Two gongs hang behind the drum-set of Carl Palmer.
A gong is a percussion instrument consisting of a suspended, tuned bronze disk played with a beater. It should not be confused with the tam tam, which is untuned and has no central protrusion or boss. Gongs have a definite pitch and fundamental note with rich overtones.
The timbre of gong depends on the relative dimensions of the raised boss, the bow of the gong, and the rim, and the angle at which the lip is turned back. Chinese gongs are hammered into a flat sieve shape and do not always have a raised central boss. The Chinese traditional orchestra includes a set of 10 to 20 yunlo (cloud gongs) and the quing (tuned bronze bowls).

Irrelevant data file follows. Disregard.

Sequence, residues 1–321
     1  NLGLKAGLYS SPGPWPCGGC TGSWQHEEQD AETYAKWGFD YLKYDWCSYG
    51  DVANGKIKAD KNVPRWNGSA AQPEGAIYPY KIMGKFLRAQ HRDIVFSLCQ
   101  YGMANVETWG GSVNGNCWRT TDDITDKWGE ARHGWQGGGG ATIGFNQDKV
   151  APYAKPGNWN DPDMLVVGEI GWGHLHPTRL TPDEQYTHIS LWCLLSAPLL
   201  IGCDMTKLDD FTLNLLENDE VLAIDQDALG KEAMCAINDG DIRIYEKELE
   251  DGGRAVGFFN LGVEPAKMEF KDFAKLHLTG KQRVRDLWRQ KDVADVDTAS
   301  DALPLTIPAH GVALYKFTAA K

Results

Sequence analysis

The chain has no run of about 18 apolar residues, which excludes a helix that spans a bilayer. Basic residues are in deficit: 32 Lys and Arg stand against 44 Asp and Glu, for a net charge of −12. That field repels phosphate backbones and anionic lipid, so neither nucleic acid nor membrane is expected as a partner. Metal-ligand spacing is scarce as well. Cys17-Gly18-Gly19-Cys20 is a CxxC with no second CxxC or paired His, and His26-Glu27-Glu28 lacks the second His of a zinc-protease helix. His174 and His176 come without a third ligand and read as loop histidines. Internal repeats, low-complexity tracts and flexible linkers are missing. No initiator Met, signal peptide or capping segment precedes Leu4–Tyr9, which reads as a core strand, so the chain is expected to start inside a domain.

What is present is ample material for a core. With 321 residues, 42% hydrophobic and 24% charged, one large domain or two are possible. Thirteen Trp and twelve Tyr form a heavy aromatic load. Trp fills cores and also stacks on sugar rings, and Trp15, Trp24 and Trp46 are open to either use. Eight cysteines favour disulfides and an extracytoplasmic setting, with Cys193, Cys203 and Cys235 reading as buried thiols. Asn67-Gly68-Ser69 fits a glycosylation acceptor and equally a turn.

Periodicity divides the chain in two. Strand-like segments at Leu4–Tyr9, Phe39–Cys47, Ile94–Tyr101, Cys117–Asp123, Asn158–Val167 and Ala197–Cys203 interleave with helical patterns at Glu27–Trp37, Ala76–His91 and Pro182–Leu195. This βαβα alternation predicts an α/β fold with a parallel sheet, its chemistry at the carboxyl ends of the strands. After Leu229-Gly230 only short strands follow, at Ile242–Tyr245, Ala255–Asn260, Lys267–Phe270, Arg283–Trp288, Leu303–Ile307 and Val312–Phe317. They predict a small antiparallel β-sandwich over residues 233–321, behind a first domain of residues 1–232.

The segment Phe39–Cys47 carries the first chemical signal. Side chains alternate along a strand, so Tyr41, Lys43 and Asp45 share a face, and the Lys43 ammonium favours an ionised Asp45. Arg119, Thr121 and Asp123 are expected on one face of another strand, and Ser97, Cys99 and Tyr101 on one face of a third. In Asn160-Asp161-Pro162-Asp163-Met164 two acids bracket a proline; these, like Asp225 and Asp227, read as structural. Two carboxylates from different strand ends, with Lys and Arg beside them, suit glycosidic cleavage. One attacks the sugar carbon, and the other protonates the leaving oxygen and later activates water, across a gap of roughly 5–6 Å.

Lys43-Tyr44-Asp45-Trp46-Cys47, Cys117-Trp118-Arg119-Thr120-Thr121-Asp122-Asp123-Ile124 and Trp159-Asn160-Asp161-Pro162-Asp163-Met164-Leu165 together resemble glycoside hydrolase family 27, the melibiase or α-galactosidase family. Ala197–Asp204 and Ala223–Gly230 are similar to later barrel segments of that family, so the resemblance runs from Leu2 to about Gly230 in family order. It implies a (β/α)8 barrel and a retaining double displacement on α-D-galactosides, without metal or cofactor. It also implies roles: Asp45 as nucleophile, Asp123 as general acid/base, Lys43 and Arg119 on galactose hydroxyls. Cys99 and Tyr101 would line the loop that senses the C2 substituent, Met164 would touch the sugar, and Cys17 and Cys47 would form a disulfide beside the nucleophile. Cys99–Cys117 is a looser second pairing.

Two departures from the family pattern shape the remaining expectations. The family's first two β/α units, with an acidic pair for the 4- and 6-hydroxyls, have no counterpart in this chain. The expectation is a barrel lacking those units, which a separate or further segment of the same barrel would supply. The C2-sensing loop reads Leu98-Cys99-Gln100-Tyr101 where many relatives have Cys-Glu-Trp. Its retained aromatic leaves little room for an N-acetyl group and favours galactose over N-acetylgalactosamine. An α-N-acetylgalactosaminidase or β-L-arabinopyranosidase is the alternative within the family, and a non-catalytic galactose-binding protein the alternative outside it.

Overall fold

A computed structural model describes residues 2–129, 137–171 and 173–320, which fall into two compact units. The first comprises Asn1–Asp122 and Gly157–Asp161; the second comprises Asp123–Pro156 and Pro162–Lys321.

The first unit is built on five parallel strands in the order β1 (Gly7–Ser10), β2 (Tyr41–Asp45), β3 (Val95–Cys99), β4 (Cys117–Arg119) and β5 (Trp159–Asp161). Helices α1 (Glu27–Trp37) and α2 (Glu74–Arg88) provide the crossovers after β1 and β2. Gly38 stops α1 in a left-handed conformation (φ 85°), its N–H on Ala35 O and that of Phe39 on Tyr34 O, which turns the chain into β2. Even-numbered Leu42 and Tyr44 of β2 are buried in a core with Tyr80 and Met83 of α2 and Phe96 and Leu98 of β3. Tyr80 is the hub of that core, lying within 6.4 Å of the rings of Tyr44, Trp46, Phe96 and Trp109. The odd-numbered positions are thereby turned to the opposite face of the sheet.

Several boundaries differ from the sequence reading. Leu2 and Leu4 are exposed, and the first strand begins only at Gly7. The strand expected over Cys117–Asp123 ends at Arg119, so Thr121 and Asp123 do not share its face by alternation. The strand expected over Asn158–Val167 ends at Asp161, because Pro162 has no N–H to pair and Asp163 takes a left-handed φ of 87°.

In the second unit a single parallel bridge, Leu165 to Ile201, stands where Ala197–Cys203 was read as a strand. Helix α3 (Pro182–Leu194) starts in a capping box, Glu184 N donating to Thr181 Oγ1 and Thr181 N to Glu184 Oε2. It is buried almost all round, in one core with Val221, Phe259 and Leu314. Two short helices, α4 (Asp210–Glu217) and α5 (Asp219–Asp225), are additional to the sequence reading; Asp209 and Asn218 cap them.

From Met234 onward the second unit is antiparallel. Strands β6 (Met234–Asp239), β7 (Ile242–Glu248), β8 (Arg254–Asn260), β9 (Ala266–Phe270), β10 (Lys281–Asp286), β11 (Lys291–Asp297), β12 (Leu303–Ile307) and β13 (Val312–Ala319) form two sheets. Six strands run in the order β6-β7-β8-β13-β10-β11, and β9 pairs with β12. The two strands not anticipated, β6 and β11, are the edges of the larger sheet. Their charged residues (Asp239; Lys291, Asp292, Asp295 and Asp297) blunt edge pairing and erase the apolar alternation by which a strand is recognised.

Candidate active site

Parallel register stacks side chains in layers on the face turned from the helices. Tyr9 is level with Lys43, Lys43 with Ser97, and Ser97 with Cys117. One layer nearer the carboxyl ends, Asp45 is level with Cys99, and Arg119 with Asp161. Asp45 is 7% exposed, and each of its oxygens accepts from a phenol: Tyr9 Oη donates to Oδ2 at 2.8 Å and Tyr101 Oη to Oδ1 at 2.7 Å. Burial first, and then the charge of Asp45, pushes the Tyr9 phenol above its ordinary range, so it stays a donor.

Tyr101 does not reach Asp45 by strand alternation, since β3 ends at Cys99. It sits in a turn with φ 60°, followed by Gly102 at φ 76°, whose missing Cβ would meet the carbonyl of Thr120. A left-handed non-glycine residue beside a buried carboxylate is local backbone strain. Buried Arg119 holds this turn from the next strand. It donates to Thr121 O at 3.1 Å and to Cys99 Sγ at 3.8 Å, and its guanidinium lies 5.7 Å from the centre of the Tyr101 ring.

Javanese and Burmese gongs have a raised boss and are shaped like a curly bracket in cross-section. They also have a wide rim. They are struck with a wooden beater covered in leather or bound in cloth on the central boss, which is the main antinodal point. There are several examples of Southeast Asia gongs that have a rising tone once struck. These include the Chinese jingluo, which is used in Chinese opera, and the Korean ching.
See also temple bells.